- “Double Mumbo-jumbo” - One story should be built on one premise, and one premise alone. Don't make your story about civil rights and environmentalism. Don't have a zombie outbreak occur in the middle of a story about killer robots. Unalike premises mix like oil and water. Keep things focused.
- “Laying Pipe” - Don't wait too long to introduce the story's inciting incident. Until the inciting incident occurs, the conflict has not engaged and story action has not yet begun. This means there remains little conflict and little story movement.
- “Black Vet” - Not only should there be just one premise per story, but one gimmick per character. Don't make your protagonist and ex-cop AND an ex-priest, AND a former Olympic speed skater. That's just dumb. Pick one. Simplicity creates clarity. Clarity allows opportunity for stronger development.
- “Watch out for that Glacier!” - Conflict is only conflict when it is occurring here and now. Dramatic tension exists only when there is an immediate threat. Something that may happen down the road is not very threatening. Until that happens, characters are just standing around waiting for the conflict to arrive.
- “The Covenant of the Arc” - Characters undergo personal change in the course of the story. This is Screenwriting 101, people. I don't know why Snyder tries to put a special label on something so fundamental that it has been axiomatic to screencraft since its beginning. It is impossible that any human being could go through the extreme situations found in any movie and not come out the other end a changed person.
- “Keep the Press Out!” - You don't need Steven Spielberg to tell you this. The broader you make your story world, the less intimate it becomes. The less intimate it becomes, the harder it is for the audience to forge strong emotional bonds to characters. This also harms plot when it comes to films with a fantasy or sci-fi element. The more you expand the story into the wide real world, the harder it is for the audience to suspend their disbelief. Take a look at two movies about hostile aliens, Alien and Independence Day. One has a small, intimate setting with few characters. The other follows dozens of characters diffused all over a worldwide stage. Because of its intimacy, Alien is able to remain believable with few facts, and creates strong, genuine feelings of fear, dread, and compassion towards its characters. With Independence Day, the audience does not feel connected to any of its multiple protagonists, and its story logic often lapses into moments so difficult to believe they become silly. (This is actually way beyond the rather insignificant point Synder tries to make in this section. I did you the favor of smarting it up.)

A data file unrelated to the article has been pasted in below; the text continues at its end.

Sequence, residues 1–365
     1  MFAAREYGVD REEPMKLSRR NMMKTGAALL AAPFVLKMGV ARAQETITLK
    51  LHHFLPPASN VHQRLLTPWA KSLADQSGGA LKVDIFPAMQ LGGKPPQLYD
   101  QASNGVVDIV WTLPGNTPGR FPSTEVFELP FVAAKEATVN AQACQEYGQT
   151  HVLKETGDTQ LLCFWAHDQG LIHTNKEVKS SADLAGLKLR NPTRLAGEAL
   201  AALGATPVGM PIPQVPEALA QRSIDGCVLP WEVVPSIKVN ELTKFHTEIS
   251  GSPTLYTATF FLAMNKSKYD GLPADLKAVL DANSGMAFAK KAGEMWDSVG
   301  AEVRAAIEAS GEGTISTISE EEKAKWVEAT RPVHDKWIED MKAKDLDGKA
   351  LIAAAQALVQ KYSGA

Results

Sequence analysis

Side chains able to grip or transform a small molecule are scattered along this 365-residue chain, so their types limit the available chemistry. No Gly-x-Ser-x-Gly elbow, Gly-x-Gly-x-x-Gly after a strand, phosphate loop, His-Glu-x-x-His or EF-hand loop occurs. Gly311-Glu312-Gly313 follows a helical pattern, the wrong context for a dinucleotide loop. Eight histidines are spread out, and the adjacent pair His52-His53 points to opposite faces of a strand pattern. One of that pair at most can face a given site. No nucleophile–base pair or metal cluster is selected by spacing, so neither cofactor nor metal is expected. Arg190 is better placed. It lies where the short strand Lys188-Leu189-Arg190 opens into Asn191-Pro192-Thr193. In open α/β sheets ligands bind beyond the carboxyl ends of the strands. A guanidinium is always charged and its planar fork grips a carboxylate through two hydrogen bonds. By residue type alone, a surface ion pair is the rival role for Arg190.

That's it. That's the entire book right there. As for Synder's plot formula with its “15-point Beat Sheet,” forget about it. The approach is half-baked, simplistic beyond practical application, and built on logic riddled with more holes than a rural Utah stop sign. Plus, a lot of it is just bullshit. You'd be better off writing a screenplay from the Betty Crocker Cookbook.
As for the rest of the book, most is not even about writing a movie. It is about pitching a sellable idea for a movie. This may be useful for a producer or agent, but if you're a screenwriter, you will just learn to talk the talk, not walk the walk. This may help you get a script deal, but only once. Once it becomes clear to the buyer that you can't back up your salesmanship with competent writing, you will be labeled a fraud and a charlatan. Try selling another idea after that.